ANYONE who watched John Pilger's excellent documentary this week on the direction of the NHS and the appalling predicament faced by US patients who cannot afford healthcare would feel horror at the prospect of adopting a similar model here.

The film, 'The Dirty War on the NHS', could not be broadcast on television earlier due to rules restricting what can go out during an election campaign.

As Pilger himself noted on Twitter, this was ironic given that its theme - the sell-off of the NHS - had been "at the forefront of British politics".

It might not have averted the Tory landslide (the result was a verdict on Brexit and Jeremy Corbyn, with the health service as an afterthought), but it summarised why such an outcome is probably bad news.

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Much of the documentary focused on the situation in England where privatisation has crept in to a much more pernicious degree. The disastrous case of Hinchingbrooke hospital, the first NHS facility run by a private company, was a case in point.

Within five years the firm had pulled out blaming financial pressures, but this happened to coincide with a damning inspection report rating the service as 'inadequate'.

A senior nurse was in tears recalling how staff had been pitted against one another in a daily contest to free up beds by finding patients to discharge - potentially before they were really ready.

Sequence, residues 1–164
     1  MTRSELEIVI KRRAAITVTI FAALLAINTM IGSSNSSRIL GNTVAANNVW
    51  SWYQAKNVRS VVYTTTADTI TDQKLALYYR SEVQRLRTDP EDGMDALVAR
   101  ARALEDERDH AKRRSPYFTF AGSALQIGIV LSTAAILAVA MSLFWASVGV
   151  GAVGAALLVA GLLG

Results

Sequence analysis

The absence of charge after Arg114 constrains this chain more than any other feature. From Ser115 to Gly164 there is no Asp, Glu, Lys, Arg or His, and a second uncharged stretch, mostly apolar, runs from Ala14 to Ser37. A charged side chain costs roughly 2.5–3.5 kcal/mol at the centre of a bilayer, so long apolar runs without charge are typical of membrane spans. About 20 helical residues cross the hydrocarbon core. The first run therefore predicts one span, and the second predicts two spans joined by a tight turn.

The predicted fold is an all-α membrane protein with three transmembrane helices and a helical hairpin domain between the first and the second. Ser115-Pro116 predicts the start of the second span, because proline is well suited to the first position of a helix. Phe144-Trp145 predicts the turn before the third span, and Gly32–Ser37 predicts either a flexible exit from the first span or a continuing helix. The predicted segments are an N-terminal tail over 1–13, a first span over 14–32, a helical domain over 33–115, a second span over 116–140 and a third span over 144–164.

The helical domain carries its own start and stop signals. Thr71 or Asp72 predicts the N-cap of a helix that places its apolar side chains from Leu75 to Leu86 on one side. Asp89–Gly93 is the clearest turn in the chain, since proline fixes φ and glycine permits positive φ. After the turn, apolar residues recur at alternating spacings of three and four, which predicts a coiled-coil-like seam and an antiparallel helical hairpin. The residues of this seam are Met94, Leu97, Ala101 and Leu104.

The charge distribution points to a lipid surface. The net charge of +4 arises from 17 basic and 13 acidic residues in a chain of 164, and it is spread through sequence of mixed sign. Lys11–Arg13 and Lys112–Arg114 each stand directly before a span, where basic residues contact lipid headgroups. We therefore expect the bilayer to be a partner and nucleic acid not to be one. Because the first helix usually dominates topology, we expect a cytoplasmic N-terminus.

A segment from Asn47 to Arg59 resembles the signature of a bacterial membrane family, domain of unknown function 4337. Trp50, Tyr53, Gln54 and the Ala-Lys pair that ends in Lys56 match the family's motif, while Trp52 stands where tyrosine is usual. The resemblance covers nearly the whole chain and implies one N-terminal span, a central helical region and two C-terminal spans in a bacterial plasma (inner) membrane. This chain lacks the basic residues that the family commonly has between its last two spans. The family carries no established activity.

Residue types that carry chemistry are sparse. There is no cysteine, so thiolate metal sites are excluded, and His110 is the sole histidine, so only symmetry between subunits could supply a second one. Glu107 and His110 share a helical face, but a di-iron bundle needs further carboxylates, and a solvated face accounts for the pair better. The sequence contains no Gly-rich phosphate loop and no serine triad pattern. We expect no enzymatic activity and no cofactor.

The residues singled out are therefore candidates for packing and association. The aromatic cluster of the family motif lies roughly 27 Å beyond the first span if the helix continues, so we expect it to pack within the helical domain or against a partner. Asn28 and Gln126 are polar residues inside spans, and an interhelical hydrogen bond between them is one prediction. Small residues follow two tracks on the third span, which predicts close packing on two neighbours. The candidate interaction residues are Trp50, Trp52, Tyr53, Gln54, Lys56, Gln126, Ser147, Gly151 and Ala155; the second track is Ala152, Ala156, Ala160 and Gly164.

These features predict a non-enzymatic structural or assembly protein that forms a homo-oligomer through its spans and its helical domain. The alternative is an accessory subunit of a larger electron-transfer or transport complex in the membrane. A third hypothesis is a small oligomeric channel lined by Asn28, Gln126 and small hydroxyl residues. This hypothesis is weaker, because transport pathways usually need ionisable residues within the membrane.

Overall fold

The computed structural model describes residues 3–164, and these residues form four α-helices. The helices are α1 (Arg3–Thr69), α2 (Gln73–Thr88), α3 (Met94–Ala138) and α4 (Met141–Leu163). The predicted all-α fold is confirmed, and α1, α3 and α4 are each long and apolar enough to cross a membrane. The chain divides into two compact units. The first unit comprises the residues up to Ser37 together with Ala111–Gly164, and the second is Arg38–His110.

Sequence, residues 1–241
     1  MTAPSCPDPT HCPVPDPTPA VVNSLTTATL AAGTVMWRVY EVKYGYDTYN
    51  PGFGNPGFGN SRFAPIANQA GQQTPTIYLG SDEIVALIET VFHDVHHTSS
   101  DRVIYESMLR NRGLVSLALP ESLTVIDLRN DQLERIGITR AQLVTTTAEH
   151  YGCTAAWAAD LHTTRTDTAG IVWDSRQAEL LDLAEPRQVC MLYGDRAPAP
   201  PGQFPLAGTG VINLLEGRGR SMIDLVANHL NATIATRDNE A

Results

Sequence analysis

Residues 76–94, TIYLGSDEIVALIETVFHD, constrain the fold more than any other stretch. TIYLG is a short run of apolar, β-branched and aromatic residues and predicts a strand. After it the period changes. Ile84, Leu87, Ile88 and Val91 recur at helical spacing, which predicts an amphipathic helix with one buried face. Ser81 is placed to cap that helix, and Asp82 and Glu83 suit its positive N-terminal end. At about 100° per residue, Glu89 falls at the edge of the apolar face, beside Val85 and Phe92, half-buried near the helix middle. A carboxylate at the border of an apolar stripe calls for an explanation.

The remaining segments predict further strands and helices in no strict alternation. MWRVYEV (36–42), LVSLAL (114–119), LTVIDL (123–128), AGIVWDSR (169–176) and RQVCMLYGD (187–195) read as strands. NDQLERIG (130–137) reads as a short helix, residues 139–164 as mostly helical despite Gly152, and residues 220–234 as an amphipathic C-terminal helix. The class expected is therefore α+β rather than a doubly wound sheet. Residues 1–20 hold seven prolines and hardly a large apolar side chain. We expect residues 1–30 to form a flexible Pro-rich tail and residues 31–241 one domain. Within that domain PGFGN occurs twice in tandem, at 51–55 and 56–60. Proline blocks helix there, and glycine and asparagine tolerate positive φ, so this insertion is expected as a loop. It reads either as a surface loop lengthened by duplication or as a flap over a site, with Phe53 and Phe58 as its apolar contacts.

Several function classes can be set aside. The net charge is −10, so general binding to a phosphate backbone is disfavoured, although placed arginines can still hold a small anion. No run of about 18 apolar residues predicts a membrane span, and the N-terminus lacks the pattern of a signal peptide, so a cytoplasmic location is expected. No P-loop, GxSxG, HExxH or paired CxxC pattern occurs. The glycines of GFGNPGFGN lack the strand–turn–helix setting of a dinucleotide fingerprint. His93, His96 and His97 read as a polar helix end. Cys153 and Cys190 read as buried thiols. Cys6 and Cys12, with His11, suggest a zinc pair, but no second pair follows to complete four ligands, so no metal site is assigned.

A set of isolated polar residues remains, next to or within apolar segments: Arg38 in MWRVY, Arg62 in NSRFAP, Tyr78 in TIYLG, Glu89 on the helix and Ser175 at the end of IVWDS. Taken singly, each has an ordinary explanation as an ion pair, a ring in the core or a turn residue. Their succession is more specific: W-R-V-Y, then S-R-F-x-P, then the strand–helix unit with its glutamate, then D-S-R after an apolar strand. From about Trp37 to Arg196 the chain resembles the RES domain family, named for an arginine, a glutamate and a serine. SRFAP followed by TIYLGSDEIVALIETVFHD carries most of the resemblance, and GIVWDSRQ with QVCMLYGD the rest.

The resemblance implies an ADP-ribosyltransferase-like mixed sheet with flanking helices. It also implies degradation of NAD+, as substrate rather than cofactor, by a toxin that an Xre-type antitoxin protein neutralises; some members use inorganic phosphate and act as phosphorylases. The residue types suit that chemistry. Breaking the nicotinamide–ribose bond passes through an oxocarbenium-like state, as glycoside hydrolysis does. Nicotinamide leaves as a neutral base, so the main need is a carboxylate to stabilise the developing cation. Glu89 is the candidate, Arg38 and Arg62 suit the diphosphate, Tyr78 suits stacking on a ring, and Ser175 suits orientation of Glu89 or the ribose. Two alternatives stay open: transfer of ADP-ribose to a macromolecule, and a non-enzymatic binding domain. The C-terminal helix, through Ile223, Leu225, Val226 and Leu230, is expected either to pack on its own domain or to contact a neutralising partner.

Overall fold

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Scotland has escaped some of the worst reforms partly because we did not implement 2012's Health and Social Care Act, which encouraged the treatment of private patients within NHS hospitals as a source of income.

By 2015/16, some 1,142 beds were being set aside in NHS hospitals in England for patients paying for their operations - an initiative generating £600 million a year for NHS coffers.

Although this also takes place in Scotland, it is on a much smaller scale (a Herald investigation last year found that £13.2m had been gathered from 8,500 private patients treated in NHS Scotland facilities since 2012).

In Scotland, no beds were specifically ring-fenced for private patients (clients?).

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But, like NHS England, we have embraced private finance to build new hospitals only to see health budgets strangled by crippling PFI debt repayments. Funds that might have been invested in patient care, extra staff or keeping facilities open are sucked away, often ending up in tax havens.

Like England, we also rely too heavily on costly private hospitals to help clear waiting lists.

Scotland's health system is devolved, of course, but so much bad practice seeps across the border than in the end perhaps the best argument for independence will be the impetus to save the NHS.